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Tips for Dealing with Shin Splints

Tips for Dealing With Shin Splints

If you've ever experienced shin splints then you know they are no fun and can really put a damper on your running schedule. The good news is that they aren't usually serious. The bad news is that when it comes to healing them, time is the best medicine. Here are some good tips on dealing with shin splints:

  • Most shin splints will benefit from plenty of rest. You should not exercise for at least a week, and take a break of at least two-to-four weeks from running.
  • Ice the injury for 20 minutes, at least twice a day. (I like to use the Cryocup.)
  • Use over-the-counter pain relievers to ease discomfort.
  • For stress fractures, diagnosed by a doctor, at least a month's rest is required. You should not run or exercise during that time.

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Soniabonya Soniabonya 8 years
what the heck are shin splints? o.O they sound painful. . .
ElectroPopTart ElectroPopTart 8 years
I don't run, I job about 5 times a week. I am perfectly fine all week, although, when I go to my weekly friday nights at Disneyland, my shins start to hurt. It only happens at Disneyland! lol.
cereal_please cereal_please 8 years
I used to get them when I played basketball. I got them my freshman/sophomore year and played through it, but my senior year of high school they turned into stress fractures and I was sidelined on and off for the entire season. It was terrible. I'd be running sprints and my coach would force me to sit out. A good pair of shoes is definitely important in preventing shin splints.
Jeny Jeny 8 years
I just stop running, walk for a bit, and stretch, and that seems to help. I have metal in my right ankle so i'm always putting more weight on my left leg, which causes my shin splints.. stretching as soon as you feel one coming on usually helps fine but I do find that my left calf hurts for a few days after I run =(
MarinerMandy MarinerMandy 8 years
One of the best things you can do for shin splits is to stretch your calves! I took a sports medicine class in high school and that was one of the tips that seemed to help the most.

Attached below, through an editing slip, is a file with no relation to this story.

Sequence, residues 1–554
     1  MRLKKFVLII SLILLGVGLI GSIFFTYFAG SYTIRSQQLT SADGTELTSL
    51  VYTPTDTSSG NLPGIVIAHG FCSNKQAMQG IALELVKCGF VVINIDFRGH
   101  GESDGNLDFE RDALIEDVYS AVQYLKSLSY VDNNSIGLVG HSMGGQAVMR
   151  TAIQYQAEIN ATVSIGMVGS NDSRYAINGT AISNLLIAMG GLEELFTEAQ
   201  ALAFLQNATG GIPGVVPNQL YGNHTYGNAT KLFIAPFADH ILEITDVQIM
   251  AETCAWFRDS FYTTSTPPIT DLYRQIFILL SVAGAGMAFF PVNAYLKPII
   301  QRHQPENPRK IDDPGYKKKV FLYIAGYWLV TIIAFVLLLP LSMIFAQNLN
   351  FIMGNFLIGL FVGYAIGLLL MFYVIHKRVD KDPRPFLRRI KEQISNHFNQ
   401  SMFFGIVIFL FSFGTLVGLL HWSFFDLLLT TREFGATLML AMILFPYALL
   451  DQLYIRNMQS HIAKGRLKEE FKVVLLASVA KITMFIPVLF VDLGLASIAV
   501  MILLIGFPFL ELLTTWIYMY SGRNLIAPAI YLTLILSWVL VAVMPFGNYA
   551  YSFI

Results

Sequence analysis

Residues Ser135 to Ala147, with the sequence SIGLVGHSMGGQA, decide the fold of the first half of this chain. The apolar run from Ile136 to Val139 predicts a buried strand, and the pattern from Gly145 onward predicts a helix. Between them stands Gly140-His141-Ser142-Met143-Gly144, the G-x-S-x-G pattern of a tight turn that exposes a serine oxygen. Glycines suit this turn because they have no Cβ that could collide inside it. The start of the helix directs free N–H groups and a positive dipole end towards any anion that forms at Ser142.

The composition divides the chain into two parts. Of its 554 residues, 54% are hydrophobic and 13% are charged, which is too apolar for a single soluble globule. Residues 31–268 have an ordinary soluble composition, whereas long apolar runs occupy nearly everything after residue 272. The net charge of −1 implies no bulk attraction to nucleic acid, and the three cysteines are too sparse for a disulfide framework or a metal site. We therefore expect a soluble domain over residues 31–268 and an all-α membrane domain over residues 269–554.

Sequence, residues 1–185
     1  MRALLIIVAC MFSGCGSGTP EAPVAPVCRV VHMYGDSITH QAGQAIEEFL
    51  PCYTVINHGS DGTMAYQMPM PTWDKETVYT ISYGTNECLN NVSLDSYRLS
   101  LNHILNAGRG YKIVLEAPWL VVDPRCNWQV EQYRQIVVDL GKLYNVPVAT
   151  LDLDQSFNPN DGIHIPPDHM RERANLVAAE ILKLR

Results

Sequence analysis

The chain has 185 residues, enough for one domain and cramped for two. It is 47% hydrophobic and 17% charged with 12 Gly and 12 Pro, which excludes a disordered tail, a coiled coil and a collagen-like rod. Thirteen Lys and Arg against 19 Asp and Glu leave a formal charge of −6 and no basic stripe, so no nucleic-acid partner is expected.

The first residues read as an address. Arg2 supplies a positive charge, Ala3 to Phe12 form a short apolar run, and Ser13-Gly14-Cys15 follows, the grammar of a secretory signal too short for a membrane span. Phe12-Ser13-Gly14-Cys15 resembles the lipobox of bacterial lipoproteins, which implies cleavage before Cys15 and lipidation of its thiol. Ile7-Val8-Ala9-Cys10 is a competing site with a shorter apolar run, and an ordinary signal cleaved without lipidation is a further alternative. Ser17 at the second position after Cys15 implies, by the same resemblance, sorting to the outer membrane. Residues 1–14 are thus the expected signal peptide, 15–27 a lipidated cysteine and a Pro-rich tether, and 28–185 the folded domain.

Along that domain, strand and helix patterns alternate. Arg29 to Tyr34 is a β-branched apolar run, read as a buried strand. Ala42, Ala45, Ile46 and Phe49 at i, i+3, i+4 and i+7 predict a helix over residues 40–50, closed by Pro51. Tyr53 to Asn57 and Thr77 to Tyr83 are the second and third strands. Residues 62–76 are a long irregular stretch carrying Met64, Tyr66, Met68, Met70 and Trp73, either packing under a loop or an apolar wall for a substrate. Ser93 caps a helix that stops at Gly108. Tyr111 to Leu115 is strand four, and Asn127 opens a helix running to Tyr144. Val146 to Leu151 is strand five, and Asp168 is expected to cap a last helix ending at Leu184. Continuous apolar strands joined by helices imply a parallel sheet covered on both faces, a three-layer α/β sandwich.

cvandoorn cvandoorn 8 years
2-4 weeks break from running? I used to get shin splints all the time when I played soccer, but I just kept going.
k80did k80did 8 years
Great tips, but (as previous posts have mentioned) correct fitting shoes is where its at in terms of preventative. I overpronate which can be a main culprite for shin splints. I started wearing Asics about 10 years ago and have been happy. The 2100 series is good and the Foundation (which I wear now) is great for pronators. If you have a good running store, they should have the expertise to fit you properly. I recommend to people to go even if you are not a runner. There's nothing worse then the achy pain of shin splints and the like!
MindayH MindayH 8 years
I am prone to getting shin splints which means I have to go to the gym and do the elliptical rather than going running. It seems tedious but warming up your shins by walking on your heels and then walking on your toes really helps. Also stay away from running on concrete...trails, dirt, sand, and asphalt even are better than the side walk...you just have to be careful of cars.
freegracefrom freegracefrom 8 years
omg, I used to get these all the time. It's frustrating because it can put you out of commission for days then you're back to square one with your cardio. I wasn't stretching properly, but it's a difficult area to stretch!
Renees3 Renees3 8 years
I did get properly fitted shoes and I've been getting shin splints now. I just think my body is like WHAAAAA!!! I've never really run before and it sucks I have to take that much time off. Ive also found that walking backwards helps to stretch them a bit. bummer
Renees3 Renees3 8 years
I did get properly fitted shoes and I've been getting shin splints now. I just think my body is like WHAAAAA!!! I've never really run before and it sucks I have to take that much time off. Ive also found that walking backwards helps to stretch them a bit.bummer
mgratzl mgratzl 8 years
I used to get shin splints - and the culprit I found a lot of the times - were bad shoes. If you have badly fitted shoes for running or any other sport shoes - you will get shin splints and other bad injuries! Always get properly fitted shoes and this should help stop shin splints!
Baby-Girl Baby-Girl 8 years
I sort of get shin splints when I haven't ran for awhile. "Slow and steady" is my motto. It also helps to increase the incline to at least 1 if you are on a treadmill. Flat surfaces are evil.
aimeeb aimeeb 8 years
I've heard these are brutal.
aimeeb aimeeb 8 years
I've heard these are brutal.
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